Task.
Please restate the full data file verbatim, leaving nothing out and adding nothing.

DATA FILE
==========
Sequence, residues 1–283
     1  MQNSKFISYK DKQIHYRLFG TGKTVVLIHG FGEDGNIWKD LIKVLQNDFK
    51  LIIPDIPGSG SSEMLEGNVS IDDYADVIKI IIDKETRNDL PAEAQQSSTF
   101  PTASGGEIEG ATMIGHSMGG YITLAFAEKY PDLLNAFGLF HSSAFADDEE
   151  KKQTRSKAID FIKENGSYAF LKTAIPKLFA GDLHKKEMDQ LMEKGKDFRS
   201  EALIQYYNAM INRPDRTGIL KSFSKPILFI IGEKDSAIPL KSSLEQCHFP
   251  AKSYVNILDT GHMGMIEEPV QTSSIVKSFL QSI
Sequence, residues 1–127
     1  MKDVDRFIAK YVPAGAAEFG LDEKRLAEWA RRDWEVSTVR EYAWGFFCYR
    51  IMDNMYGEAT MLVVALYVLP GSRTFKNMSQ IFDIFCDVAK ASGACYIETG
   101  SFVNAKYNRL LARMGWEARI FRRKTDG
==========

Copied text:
Sequence, residues 1–283
     1  MQNSKFISYK DKQIHYRLFG TGKTVVLIHG FGEDGNIWKD LIKVLQNDFK
    51  LIIPDIPGSG SSEMLEGNVS IDDYADVIKI IIDKETRNDL PAEAQQSSTF
   101  PTASGGEIEG ATMIGHSMGG YITLAFAEKY PDLLNAFGLF HSSAFADDEE
   151  KKQTRSKAID FIKENGSYAF LKTAIPKLFA GDLHKKEMDQ LMEKGKDFRS
   201  EALIQYYNAM INRPDRTGIL KSFSKPILFI IGEKDSAIPL KSSLEQCHFP
   251  AKSYVNILDT GHMGMIEEPV QTSSIVKSFL QSI
Sequence, residues 1–127
     1  MKDVDRFIAK YVPAGAAEFG LDEKRLAEWA RRDWEVSTVR EYAWGFFCYR
    51  IMDNMYGEAT MLVVALYVLP GSRTFKNMSQ IFDIFCDVAK ASGACYIETG
   101  SFVNAKYNRL LARMGWEARI FRRKTDG